Conservation Tillage Systems in the Southeast


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Transitioning from a conventional cropping system to a conservation system that uses both reduced tillage and cover crops will change the economics of your farm operation. Partial budgeting and enterprise budgets are two tools described in this chapter that can help estimate how changes in management practices might affect the bottom line. Partial budgeting isolates a proposed change in the farm operation, such as a new management practice or new technology, and assesses the change in revenue and costs associated with it. An enterprise budget looks at the revenues, costs and returns associated with a single crop or livestock enterprise on the farm. Conservation systems can lead to lower costs for labor, fuel, herbicides and fertilizers, and can improve the long-term productivity of the soil, but they can also create added costs due to increased pest pressures, new capital investments and new management activities such as the termination of winter cover crops. Studies that compare crop yields in conventional and conservation systems have showed mixed results, and while cover crops come with their own costs, they tend to pay for themselves through savings in other areas. To help farmers pay for the adoption of conservation systems, a number of financial support programs are available, in particular those available through NRCS. Overall, conservation tillage systems that incorporate cover crops have the potential to improve farm profitability through a combination of lower costs and higher productivity. To realize this potential, it is necessary to carefully analyze the economics of switching to a conservation system as  relates to the specifics of your operation.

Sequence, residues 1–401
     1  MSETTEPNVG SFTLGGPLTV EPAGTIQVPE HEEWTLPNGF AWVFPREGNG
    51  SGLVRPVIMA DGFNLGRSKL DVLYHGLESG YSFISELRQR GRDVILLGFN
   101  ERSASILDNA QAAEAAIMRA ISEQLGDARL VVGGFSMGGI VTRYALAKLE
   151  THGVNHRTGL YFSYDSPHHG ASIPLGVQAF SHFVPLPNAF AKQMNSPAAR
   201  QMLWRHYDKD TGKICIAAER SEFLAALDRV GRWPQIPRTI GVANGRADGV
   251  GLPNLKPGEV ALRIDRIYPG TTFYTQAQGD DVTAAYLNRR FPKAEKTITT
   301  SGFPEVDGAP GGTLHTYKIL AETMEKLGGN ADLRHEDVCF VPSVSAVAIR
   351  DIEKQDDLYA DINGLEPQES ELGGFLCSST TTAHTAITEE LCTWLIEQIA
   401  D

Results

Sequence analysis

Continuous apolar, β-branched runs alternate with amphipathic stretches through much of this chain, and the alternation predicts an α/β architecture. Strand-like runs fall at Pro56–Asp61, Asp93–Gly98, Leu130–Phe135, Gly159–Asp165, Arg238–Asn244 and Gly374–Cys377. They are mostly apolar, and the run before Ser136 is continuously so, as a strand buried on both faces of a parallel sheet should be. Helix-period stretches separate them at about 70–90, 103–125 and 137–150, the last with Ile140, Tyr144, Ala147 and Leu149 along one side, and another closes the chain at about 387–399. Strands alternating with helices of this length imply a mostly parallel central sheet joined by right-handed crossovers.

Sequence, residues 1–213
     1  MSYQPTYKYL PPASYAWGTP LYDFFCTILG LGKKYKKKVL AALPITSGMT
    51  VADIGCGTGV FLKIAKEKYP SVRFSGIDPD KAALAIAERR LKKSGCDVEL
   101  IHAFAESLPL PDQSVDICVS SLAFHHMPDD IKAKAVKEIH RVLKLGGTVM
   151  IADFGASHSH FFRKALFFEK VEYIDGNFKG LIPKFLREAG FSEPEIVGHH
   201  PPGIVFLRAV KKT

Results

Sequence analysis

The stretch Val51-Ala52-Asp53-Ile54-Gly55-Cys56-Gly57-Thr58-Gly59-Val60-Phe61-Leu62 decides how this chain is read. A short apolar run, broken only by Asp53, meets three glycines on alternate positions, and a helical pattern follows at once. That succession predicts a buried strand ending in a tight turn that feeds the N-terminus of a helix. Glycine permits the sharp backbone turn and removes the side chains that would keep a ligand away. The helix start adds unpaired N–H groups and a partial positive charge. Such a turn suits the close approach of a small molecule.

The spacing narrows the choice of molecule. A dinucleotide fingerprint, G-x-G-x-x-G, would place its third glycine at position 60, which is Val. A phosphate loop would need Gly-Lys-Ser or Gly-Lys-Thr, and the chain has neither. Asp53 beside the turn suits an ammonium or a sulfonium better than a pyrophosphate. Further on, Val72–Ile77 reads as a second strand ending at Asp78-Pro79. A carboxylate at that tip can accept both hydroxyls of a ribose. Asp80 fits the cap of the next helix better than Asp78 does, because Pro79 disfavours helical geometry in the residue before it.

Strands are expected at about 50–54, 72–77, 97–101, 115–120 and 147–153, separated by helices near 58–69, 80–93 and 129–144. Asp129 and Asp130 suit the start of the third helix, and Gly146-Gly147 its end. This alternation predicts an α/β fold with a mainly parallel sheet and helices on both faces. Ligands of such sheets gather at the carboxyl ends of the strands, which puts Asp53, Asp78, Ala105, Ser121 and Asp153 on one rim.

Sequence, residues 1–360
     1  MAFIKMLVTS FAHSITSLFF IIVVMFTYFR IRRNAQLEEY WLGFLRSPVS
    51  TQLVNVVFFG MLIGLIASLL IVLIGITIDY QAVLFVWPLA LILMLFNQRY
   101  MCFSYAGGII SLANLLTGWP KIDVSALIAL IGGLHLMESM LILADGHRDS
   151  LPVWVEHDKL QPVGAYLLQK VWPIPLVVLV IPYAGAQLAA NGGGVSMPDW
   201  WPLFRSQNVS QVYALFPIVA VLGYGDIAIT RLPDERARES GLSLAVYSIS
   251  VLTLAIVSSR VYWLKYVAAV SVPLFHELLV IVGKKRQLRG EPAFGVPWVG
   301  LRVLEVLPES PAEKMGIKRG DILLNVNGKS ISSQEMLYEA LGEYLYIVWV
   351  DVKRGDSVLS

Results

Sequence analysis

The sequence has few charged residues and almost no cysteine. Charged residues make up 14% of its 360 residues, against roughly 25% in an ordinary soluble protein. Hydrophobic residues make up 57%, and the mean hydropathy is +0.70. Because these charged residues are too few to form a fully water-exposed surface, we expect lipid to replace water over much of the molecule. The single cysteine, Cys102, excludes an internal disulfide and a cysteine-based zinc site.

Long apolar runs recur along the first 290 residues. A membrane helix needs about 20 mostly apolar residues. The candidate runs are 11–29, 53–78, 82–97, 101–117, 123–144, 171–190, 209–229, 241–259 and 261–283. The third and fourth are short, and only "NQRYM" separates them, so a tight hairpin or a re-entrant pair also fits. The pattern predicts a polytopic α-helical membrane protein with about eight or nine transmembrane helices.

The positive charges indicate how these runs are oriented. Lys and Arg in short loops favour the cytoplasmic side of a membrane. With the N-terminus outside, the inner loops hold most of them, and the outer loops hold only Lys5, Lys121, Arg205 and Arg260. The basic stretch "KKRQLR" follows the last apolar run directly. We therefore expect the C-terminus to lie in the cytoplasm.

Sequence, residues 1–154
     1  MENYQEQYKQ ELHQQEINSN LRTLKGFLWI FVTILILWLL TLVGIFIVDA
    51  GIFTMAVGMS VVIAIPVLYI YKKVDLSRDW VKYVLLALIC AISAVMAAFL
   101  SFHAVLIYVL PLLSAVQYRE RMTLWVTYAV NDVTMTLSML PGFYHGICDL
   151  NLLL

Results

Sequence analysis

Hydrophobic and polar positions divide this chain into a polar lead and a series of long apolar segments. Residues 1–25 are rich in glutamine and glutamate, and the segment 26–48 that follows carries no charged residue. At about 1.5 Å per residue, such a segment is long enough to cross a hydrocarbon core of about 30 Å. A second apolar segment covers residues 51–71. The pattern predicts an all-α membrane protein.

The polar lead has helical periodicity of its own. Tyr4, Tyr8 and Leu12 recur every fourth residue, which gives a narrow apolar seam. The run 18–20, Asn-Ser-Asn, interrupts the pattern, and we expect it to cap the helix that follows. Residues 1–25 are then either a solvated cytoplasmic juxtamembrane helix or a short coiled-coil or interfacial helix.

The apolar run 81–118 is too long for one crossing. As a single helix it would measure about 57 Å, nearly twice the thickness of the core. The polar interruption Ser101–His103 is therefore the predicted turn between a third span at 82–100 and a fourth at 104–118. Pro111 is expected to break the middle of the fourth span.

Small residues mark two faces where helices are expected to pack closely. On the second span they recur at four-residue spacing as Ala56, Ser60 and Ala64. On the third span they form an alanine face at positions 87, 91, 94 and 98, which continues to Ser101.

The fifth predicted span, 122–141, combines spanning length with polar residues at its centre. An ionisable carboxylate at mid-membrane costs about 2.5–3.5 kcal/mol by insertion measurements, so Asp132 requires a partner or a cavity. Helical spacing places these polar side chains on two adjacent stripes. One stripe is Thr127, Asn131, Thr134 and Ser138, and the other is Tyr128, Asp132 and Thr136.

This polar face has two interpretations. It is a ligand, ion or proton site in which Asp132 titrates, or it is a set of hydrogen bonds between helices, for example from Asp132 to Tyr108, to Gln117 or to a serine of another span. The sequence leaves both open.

Download the tables from Chapter 15.